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Q and A with Six Park board director Mike Roche

Mike Roche has been a Six Park shareholder since 2016, joining the company’s board in December 2017. His love of numbers led him into actuarial studies before he pivoted from superannuation into investment banking. He is a member of the Wesfarmers board and a trustee director of EISS Super. Mike spoke to Six Park head of communication Erika Jonsson about his career, his philanthropic projects and his observations of the financial services industry.

Mike Work

Mike spent 10 years as head of mergers and acquisitions for Deutsche Bank during his 22 years with the company, and he now provides advice to government and private sector clients through his company M R Advisory. He is also a member of the Wesfarmers board and a trustee director of EISS Super. Mike spoke to Six Park head of communication Erika Jonsson about his career, his philanthropic projects and his observations of the financial services industry.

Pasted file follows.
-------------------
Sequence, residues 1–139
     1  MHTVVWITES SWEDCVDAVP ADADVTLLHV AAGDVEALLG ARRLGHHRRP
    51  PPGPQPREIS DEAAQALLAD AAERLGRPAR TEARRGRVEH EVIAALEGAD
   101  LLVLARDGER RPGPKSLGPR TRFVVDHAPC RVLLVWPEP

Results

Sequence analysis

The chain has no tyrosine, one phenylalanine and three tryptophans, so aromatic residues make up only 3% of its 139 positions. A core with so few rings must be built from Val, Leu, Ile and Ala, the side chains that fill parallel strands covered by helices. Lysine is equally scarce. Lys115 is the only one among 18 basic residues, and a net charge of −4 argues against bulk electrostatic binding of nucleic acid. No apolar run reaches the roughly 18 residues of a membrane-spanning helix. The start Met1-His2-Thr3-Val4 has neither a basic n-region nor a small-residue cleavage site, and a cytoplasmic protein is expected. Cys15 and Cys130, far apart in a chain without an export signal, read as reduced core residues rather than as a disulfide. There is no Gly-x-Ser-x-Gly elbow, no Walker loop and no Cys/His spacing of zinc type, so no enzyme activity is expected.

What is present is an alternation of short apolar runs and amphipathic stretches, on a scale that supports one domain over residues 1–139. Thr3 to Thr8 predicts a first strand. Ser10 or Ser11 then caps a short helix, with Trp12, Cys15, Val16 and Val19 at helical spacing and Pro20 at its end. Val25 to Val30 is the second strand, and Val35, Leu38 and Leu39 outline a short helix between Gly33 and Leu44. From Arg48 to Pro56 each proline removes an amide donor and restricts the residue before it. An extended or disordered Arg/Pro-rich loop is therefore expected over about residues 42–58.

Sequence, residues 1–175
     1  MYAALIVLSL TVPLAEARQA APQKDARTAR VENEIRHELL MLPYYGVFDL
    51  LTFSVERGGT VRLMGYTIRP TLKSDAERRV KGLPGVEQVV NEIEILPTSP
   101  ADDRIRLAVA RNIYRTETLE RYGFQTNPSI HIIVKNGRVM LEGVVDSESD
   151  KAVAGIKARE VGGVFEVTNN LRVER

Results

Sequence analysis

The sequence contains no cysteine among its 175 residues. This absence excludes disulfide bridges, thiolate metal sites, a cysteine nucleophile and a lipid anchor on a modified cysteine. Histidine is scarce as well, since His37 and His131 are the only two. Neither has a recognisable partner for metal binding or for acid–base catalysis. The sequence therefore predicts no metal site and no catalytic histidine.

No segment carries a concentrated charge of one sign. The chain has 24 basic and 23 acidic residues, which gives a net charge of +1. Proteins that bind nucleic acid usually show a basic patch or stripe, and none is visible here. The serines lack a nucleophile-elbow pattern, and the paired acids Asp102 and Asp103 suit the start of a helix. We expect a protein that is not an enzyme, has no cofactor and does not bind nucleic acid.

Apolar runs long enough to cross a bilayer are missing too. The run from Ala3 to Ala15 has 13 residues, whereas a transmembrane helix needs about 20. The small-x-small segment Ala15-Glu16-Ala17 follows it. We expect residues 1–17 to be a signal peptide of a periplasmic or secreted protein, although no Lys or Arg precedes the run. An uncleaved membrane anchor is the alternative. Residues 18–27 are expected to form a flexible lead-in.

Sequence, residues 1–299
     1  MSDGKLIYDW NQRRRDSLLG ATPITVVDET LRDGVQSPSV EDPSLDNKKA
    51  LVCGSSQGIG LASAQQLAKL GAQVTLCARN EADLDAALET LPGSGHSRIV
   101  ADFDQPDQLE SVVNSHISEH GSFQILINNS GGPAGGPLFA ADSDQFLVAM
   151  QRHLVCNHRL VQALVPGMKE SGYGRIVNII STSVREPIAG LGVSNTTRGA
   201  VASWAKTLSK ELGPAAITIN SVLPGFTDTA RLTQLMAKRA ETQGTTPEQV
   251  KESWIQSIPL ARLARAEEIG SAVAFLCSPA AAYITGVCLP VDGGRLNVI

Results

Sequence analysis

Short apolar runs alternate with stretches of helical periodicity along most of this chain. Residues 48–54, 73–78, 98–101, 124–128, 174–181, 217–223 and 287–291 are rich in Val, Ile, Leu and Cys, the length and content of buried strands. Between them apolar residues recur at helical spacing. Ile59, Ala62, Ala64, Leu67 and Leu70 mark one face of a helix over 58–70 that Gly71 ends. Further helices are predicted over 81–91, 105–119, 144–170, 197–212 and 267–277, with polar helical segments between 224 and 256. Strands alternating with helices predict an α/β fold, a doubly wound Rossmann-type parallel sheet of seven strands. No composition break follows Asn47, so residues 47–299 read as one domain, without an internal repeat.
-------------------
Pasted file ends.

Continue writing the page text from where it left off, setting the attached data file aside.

You’ve worked in finance for more than 40 years, including 22 years at Deutsche Bank. What prompted you to enter the industry?

I always loved maths and its symmetry – I’m an actuary by training so I’ve always been focused on numbers. I worked in that field for nine years for what is now called AXA, starting in Brisbane and then moving down to Sydney, working in corporate super and investment. I was then seconded to a merchant bank that AXA owned and I never looked back. I really just looked for something practical to do with mathematics.

What are the biggest changes you’ve seen during that time?

The floating of the dollar was a big event for Australia because it opened up the economy. Compulsory super was huge, and effectively what that did was transfer investment risk to the employee when the whole system of defined benefits started the other way around. That was a colossal change. During the 1970s recession, an enormous number of companies went bankrupt and part of my job was talking to retrenched people about what was left. I was meeting people who were 55 or 60 and had to explain to them that they’d not only lost a job but their super was materially lower than they were expecting. That recession was far and away the worst that Australia has had in terms of bankruptcies and impacts on business.

What do you think are the biggest challenges facing Australia’s financial services industry, including banks?